Evaluating Brand Equity in Public Health Campaigns

Main Article Content

Nottakrit Vantamay

Abstract

Brand equity has become one of the key concepts used for
evaluating commercial brands widely by marketing communications
practitioners. However, its role for evaluating public health campaigns
has rarely been established. Therefore, this study is aimed to use brand equity as a framework for evaluating public health campaigns. The three national public health campaigns in Thailand for reducing alcohol consumption among Thai youth were purposively selected in this study. They included “MAO MAI KUB” (Don’t Drive Drunk), “NGOD LAO KAO PUNSA” (No Drink in the period of Buddhist Lent Festival), and “RUBNONG PLAUD LAO” (No Drink in freshman initiation activities). The empirical results after simple regression analysis in all three campaigns showed that campaign message exposures from marketing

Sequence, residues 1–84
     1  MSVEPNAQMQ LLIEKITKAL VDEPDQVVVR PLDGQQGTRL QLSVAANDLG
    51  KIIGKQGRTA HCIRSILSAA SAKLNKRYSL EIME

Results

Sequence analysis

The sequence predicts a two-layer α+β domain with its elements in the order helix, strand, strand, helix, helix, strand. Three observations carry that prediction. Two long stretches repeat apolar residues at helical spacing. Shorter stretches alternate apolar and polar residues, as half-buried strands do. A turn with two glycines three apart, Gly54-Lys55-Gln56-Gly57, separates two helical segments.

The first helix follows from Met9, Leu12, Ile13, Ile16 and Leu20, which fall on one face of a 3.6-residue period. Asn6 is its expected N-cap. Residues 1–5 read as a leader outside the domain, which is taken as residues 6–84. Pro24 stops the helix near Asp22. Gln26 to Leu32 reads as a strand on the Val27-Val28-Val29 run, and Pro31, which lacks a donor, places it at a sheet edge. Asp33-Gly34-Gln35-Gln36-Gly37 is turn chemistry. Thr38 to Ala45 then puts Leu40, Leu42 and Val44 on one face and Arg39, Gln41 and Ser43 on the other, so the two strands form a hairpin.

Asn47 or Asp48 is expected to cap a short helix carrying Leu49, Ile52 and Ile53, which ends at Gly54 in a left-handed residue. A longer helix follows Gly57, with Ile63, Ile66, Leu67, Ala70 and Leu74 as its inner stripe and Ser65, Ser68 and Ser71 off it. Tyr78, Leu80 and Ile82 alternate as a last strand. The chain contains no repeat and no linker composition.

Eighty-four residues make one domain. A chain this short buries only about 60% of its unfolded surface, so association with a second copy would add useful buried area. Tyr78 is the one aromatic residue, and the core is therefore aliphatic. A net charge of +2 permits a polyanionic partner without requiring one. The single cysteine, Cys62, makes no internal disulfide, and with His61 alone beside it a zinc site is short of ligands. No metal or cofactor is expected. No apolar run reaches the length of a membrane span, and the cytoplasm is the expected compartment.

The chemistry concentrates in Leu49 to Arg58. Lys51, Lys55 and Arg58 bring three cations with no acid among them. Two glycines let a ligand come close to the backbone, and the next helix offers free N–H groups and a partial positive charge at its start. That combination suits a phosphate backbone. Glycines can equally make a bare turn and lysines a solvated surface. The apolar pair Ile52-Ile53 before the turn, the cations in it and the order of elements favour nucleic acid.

communications tools had a significantly positive relationship with brand equity. Besides, the findings from binary logistic regression analysis in all
three campaigns also indicated that brand equity affected alcohol consumption among Thai youth significantly. This study suggests that brand equity can be used as a valuable framework for evaluating the outcome of public health campaigns effectively.

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Article Details

Section
Research article
Author Biography

Nottakrit Vantamay

Assistant Professor, Department of Communication Arts and Information
Science, Faculty of Humanities, Kasetsart University.